Collateral Beauty

An old companion has come to stay with me these past few weeks. Depression. She is not welcome, but present for many of us during parts of our lives. Often the holidays seem her invitation to return and even stay.

When I was in my forties, I rediscovered a love of photography which lifted me out and away from what had been a lifetime of depression. The light I found through my lens was and still can be miraculous. Offering beauty and new perspectives. However, this past three years, I’ve had repeated challenges with the sight in my right eye. Most recently, two new surgeries have left me with impaired sight in the eye. We are optimistic it is temporary and I will have clear vision again, just a matter of a few more weeks. In the meantime, I am seeing everything darker and blurred as if looking through a wall of water. And, as might be expected, it hurts.

Water Wall

We recently saw a movie, “Collateral Beauty,” ( with Will Smith. I cried, felt amazed and walked away with a real sense of wonder. The title message, to “notice the collateral beauty” reminds me of how the first images created with my camera helped to lift me up and away from all the old feelings of depression. There were other ideas worth consideration within the movie, about time and death and love. I recommend it as a worthwhile experience for anyone.

The woman in the film who describes her moments of collateral beauty said some great scripted words (Allan Loeb, screenwriter, ), which I cannot remember exactly. Perhaps it is because words cannot completely describe those moments, not for her, nor for me. Imagine something like a moment of pure perfection, a sense of beauty beyond the visual or the auditory. Imagine feeling connected to all that exists and know you are a part of all, yet only a small part. It is these moments that can give great meaning to our lives. Only sometimes they are so fleeting as to leave you wondering if it was real. I suggest it is the most real part of this life, the part which makes life worth living.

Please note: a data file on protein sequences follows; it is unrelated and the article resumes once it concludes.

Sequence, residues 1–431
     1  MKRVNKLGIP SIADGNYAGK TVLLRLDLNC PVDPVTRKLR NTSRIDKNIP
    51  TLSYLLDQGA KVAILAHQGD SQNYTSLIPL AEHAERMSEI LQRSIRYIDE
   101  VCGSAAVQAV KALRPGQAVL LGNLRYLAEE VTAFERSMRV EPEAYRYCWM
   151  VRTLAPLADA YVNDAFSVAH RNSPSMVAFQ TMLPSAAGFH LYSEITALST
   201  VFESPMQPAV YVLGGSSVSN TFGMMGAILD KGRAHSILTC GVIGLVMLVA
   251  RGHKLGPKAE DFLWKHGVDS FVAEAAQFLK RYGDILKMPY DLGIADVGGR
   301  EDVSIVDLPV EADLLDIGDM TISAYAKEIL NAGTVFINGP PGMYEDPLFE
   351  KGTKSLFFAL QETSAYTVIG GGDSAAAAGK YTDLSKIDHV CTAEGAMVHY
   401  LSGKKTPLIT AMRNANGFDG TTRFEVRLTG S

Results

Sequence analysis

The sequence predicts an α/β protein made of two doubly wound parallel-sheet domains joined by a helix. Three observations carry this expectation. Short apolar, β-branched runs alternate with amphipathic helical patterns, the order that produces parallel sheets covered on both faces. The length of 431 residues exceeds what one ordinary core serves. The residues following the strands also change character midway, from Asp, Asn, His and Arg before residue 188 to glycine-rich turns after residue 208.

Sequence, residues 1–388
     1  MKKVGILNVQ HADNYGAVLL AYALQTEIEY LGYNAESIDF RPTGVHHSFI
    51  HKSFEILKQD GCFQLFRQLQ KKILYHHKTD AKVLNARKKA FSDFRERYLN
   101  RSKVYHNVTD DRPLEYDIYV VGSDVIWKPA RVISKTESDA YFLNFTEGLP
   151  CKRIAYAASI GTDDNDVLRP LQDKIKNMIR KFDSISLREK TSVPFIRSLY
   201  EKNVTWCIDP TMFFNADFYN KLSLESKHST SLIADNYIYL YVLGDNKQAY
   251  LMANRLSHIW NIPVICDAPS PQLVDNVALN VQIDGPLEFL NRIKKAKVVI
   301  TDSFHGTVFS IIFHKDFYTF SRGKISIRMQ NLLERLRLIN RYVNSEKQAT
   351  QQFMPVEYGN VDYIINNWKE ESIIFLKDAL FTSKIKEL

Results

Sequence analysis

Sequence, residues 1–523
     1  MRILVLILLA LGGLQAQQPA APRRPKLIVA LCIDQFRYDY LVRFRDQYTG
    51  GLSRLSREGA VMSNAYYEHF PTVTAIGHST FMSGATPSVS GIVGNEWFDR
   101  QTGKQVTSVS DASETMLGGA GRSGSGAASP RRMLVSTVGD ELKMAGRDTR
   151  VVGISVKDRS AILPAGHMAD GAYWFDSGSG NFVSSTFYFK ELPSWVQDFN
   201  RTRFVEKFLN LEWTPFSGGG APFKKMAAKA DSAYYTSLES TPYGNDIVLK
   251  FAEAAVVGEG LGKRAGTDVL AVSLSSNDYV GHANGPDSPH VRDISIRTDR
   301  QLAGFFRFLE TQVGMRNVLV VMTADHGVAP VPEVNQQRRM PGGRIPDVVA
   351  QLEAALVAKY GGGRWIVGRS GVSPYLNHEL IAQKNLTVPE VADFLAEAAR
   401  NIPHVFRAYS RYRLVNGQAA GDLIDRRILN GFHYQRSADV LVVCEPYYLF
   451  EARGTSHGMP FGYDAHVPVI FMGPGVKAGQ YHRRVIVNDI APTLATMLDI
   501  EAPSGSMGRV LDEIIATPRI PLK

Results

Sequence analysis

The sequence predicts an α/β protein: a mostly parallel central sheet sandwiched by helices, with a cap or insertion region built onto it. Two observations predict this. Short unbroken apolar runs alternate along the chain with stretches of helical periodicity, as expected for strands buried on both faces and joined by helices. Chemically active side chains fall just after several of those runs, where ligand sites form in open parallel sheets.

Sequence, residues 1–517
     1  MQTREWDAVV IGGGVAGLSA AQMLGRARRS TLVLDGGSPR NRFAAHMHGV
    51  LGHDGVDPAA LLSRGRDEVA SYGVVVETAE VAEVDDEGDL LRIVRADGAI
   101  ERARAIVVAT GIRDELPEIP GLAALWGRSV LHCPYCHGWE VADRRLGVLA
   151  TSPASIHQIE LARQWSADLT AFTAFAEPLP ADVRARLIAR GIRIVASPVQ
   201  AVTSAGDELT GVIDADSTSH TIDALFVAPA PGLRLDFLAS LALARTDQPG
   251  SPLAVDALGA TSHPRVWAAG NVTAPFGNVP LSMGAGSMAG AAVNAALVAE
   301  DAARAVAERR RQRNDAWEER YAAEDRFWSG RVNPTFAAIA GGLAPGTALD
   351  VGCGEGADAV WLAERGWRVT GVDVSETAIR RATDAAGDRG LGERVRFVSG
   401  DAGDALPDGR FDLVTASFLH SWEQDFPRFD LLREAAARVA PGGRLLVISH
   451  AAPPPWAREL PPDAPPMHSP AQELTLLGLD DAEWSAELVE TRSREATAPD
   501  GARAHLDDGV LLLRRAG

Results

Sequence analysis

I am convinced it is our personal perspective, the way we look at life born of our personal experience which determines our attitudes and feelings. I do not have to be stuck in this perspective, I can choose to see differently. Not an easy task, I find it very challenging. Perhaps the eye problem is an opportunity for me to learn to see differently. May I find ways to accept this new way of seeing and be blessed with new insight into myself and my part of the world.

Today, I resolve to keep active, to make the effort to pay attention, to put myself into situations where I might notice and experience a moment of collateral beauty. I expect to send my old companion, depression, away soon, allowing only ever shorter visits. May you find your way to repeated experiences of collateral beauty too.

Janne Aubrey

writer, poet, photographer